Eared Grebe Fallout Of Up To 10,000 Birds Reported

eared grebe fallout

An eared grebe fallout Monday night brought down as many as 10,000 birds in the area near the US Army’s Dugway Proving Grounds in Utah. It was a foggy night, with some reports of snow, when the thousands of birds started to rain down.

Robbie Knight, a wildlife biologist for the base, said that visibility was less than 20 feet. Apparently, some grebes believed that they saw water instead of land. Their calls attracted the rest of the flock.

Eared grebes fell out of the sky over an area of about two miles by 30 miles, including the Skull Valley Indian Reservation as well as Dugway.

Grebes are not ducks. The eared grebe has feet placed far back on its body, so it can’t walk very well. Yet these birds can’t take off from the ground. Despite these restrictions, it’s a highly migratory species that migrates between breeding grounds in southwestern Canada to as far as Guatemala for the winter.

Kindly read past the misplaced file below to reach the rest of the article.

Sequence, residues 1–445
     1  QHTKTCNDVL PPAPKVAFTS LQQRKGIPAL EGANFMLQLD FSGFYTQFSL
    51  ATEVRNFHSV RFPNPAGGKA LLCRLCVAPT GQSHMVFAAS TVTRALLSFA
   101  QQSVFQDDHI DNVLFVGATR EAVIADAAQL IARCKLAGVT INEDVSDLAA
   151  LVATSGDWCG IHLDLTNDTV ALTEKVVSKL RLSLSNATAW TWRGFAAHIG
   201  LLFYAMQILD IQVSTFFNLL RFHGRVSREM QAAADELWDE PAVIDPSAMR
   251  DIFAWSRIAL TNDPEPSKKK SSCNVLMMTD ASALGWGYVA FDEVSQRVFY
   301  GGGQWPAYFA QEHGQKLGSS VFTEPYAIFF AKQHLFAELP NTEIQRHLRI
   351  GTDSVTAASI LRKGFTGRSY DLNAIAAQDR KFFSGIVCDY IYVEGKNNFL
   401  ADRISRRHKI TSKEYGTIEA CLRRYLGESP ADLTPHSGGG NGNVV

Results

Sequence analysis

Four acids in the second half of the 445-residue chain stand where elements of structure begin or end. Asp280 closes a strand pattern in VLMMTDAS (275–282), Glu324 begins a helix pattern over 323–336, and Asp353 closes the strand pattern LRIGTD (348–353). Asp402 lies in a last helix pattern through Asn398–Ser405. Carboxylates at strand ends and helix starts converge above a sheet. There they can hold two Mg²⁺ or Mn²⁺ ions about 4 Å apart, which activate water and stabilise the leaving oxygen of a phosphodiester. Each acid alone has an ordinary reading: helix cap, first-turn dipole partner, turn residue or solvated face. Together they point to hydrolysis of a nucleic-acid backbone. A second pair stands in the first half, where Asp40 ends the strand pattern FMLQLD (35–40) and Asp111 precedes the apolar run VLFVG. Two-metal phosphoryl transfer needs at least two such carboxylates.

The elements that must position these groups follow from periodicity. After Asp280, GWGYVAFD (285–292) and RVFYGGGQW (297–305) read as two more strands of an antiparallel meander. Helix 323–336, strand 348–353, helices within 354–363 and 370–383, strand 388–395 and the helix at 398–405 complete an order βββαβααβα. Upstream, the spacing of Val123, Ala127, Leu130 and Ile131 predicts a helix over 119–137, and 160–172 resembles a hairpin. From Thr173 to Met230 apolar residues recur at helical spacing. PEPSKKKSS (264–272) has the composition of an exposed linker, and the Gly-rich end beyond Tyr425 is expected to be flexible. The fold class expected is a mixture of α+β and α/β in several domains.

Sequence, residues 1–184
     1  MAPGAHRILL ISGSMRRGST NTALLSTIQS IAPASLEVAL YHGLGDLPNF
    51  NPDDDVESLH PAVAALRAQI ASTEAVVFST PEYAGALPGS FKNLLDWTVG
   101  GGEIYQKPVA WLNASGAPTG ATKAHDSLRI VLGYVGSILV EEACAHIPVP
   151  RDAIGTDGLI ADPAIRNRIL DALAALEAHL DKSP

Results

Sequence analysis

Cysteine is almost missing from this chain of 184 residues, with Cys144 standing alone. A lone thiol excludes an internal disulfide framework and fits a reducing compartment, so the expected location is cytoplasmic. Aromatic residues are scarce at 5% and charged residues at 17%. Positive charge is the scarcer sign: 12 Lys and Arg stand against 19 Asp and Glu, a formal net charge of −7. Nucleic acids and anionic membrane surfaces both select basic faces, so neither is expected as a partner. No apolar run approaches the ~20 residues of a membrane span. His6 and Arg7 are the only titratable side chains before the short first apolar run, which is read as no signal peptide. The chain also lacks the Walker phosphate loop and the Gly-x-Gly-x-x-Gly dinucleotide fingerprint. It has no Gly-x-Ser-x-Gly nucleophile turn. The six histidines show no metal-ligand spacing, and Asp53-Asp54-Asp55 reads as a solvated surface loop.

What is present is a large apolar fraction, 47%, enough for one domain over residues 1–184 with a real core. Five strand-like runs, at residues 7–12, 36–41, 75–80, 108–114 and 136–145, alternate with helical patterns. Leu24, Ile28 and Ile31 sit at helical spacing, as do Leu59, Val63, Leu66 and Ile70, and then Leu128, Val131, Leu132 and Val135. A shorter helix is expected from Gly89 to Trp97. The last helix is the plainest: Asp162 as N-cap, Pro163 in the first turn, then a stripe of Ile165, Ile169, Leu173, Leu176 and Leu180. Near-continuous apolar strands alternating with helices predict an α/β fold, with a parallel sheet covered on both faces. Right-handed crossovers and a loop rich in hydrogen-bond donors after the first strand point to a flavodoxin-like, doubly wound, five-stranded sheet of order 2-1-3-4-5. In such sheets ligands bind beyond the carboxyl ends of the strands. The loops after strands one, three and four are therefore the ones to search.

In the sudden fog and snow Monday night, many of the grebes crash-landed. Some were hurt, and others were instantly killed.

However, healthy birds were also left helpless, because they couldn’t lift off. Therefore, human helpers were needed to pick up the eared grebes and load them into a truck so that they could be taken to water.

Wildlife biologist Hal Mitchell, who assisted in the effort, estimated that as many as 10,000 birds fell from the sky, with 5,000 being successfully released into the ponds.

In Dec. 2011, a flock of around 5,000 Eared Grebes crashed during a snow storm near Cedar City, UT. 3,500 grebes were rescued, but another 1,500 died.

In that incident, wildlife officials said that they thought the grebes confused the shiny surface of a WalMart parking lot, football fields, and other icy surfaces with bodies of water where they could sit out the storm.

Susan Tyner posted video of that fallout rescue, with assistance from Southwest Wildlife Foundation CEO Martin Tyner, which shows healthy Eared Grebes being returned to the water.

Thanks to hard-working wildlife rescue workers, thousands of fallen Eared Grebes will fly again.

[eared grebe photo Kat+Sam via Flickr and Creative Commons]